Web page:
From Babel to Understanding
We feel that the long-term efforts by ForumC to bring these different factions together are beginning to bear fruit. Where the atmosphere at the first conference was at times tense, this second conference was perceived by all those present as more relaxed and open. The willingness to concede past? errors and the problems involved in the respective positions taken was one clear sign of this.
Series: Fundamentalists, Modernists, and Evolution (3 entries)
Faith after Literalism: An Interview with Michael Gungor
Origins News Roundup for August 6, 2014
What Do the Arts Have to Do with Evangelism?
Series: Excerpts from “Evolving: Evangelicals Reflect on Evolution” (13 entries)
Breaking Down False Dichotomies in Dayton
No Place Like Home: An interview with ECF grantee Seung-Hwan Kim
Not So Dry Bones: An interview with Mary Schweitzer
Series: Belief in God in a World Explained by Science (3 entries)
Origins News Roundup for July 9, 2014
Series: Seeing God in Everyday Work (2 entries)
From Cosmos to Psyche: The 2014 ASA/CSCA/CiS Annual Meeting
We are interactive human beings with a capability and a need to connect with others. Those connections can be through electronic or written means but nothing can replace the need for direct personal engagement. Our annual meetings continue to provide that interaction in an environment of open discussion and often vigorous debates.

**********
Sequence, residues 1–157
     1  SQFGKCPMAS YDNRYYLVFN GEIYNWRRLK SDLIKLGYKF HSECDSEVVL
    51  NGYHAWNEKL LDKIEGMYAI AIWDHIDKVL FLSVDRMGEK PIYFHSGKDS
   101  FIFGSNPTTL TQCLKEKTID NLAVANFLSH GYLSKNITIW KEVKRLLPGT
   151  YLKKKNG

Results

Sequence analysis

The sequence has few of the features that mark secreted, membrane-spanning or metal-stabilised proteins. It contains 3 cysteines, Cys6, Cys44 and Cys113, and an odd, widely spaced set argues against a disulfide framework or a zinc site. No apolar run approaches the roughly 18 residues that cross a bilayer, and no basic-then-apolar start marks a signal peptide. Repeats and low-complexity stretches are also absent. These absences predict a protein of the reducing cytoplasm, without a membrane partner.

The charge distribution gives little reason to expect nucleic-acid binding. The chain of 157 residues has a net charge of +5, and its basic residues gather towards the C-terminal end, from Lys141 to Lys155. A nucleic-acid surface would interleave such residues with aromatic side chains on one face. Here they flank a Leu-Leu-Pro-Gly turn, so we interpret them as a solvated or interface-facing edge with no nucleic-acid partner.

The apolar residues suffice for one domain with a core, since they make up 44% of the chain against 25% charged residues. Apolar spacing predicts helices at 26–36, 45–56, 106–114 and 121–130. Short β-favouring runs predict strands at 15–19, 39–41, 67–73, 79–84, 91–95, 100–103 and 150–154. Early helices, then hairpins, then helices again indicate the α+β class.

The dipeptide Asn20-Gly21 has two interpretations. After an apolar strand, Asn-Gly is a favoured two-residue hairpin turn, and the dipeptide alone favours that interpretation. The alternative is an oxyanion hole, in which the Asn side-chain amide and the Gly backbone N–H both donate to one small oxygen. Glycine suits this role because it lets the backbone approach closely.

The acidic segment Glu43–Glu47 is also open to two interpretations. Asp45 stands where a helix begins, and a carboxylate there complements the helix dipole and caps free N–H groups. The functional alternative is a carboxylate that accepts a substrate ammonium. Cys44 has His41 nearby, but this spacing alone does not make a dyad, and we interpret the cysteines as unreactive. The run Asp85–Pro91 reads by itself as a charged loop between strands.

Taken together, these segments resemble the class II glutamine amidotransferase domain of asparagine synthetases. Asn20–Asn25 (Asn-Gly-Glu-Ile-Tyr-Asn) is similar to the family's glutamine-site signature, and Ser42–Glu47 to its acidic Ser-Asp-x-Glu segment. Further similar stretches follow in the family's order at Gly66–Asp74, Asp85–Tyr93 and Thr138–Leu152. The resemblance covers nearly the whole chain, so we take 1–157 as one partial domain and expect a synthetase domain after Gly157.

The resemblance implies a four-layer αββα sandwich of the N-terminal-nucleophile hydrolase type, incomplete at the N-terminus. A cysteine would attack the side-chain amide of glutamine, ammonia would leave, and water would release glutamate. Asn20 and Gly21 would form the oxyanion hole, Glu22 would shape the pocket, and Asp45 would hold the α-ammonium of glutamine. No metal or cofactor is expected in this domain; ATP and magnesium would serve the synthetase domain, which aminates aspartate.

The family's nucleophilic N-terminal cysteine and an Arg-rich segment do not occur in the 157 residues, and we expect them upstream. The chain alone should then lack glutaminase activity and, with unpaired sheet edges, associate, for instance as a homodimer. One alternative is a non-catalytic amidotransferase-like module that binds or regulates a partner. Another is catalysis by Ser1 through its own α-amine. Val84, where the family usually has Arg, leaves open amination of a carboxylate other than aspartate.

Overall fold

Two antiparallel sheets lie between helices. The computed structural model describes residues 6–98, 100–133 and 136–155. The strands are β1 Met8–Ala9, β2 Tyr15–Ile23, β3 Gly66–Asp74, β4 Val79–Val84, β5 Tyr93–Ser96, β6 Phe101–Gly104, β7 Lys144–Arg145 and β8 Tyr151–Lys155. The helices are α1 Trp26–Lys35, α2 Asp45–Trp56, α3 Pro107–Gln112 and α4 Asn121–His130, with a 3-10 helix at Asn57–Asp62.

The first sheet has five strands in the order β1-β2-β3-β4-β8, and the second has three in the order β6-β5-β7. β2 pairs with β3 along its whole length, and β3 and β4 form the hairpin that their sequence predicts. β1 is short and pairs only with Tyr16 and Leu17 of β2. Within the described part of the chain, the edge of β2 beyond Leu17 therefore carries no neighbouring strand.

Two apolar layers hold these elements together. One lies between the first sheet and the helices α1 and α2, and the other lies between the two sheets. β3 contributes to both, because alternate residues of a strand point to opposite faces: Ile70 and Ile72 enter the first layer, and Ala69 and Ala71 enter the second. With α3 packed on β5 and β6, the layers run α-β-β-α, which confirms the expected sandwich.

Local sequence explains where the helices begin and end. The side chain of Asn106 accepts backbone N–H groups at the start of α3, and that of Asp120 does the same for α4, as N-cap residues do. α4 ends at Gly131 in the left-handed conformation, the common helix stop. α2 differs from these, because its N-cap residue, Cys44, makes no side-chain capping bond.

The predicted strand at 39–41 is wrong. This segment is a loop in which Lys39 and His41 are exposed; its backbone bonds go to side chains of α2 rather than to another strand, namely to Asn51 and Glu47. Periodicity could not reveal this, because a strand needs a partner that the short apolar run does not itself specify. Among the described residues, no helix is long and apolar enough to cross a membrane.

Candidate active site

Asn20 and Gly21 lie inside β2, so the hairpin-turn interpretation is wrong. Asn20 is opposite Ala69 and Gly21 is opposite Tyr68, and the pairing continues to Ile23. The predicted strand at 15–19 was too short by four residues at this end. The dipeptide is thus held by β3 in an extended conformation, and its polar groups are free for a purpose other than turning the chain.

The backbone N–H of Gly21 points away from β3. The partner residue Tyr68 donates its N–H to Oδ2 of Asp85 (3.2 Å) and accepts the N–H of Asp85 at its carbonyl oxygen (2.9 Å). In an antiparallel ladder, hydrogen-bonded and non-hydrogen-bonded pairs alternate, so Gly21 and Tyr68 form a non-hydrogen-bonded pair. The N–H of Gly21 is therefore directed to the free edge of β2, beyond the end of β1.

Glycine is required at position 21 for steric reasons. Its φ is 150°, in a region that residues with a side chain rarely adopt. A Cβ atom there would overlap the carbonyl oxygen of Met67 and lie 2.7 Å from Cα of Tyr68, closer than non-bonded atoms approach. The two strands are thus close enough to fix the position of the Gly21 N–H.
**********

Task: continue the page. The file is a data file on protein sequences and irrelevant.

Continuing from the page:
The Creator’s Canvas: How should Christian science teachers approach controversial issues?
Creation for Kids
Children’s books are more than stories. They can become familiar narratives children listen to over and over. So it’s worth asking - Are the books we’re reading doing a good job of portraying God and His Creation?
Religion, Science, and Society
Conflicts occur when people argue one worldview against another. They may be arguing Atheism versus Monotheism, then pull out science as a weapon saying, "science proves I'm right because of this or that..." In my view, science is rather more limited than this. Science has a lot of interesting resonances with the big questions, and can inform them, but I don’t believe it can answer them.
Zoom In, Slow Down: “Replaying” Evolution and the Fall
Zoom in; slow down. These are relevant principles for the conversation between Christian faith and evolution, too, particularly around thorny issues related to human origins and the Fall.
The Strange Tension Between Theology and Science
The problem comes when materialism, claiming the authority of science, denies the possibility of all other types of knowledge — reducing human beings to a bag of chemicals and all their hopes and loves to the firing of neurons. Or when religion exceeds its bounds and declares the Earth to be 6,000 years old. In both cases, the besetting sin is the same: the arrogant exclusive claim to know reality.
An Impossible World
What if political, social, religious, and scientific groups the world over adopted [a gracious] approach to dialogue and their own desires? What if we didn’t have to be snide and aggressive to get our point across and to elicit cheering (or jeering) from our respective constituencies?